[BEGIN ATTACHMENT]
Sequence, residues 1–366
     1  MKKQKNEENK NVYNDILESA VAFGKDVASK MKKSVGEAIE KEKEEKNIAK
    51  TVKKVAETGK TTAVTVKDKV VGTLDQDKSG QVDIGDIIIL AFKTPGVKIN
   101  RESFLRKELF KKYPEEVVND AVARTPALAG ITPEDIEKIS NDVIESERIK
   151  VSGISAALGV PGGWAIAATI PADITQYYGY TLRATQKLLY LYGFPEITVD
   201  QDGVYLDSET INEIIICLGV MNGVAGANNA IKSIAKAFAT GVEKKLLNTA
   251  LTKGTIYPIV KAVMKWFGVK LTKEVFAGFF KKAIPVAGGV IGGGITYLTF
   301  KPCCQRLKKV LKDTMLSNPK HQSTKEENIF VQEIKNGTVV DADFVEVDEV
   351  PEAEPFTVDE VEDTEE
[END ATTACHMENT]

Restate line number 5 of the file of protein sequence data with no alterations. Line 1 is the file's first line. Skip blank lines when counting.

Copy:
   151  VSGISAALGV PGGWAIAATI PADITQYYGY TLRATQKLLY LYGFPEITVD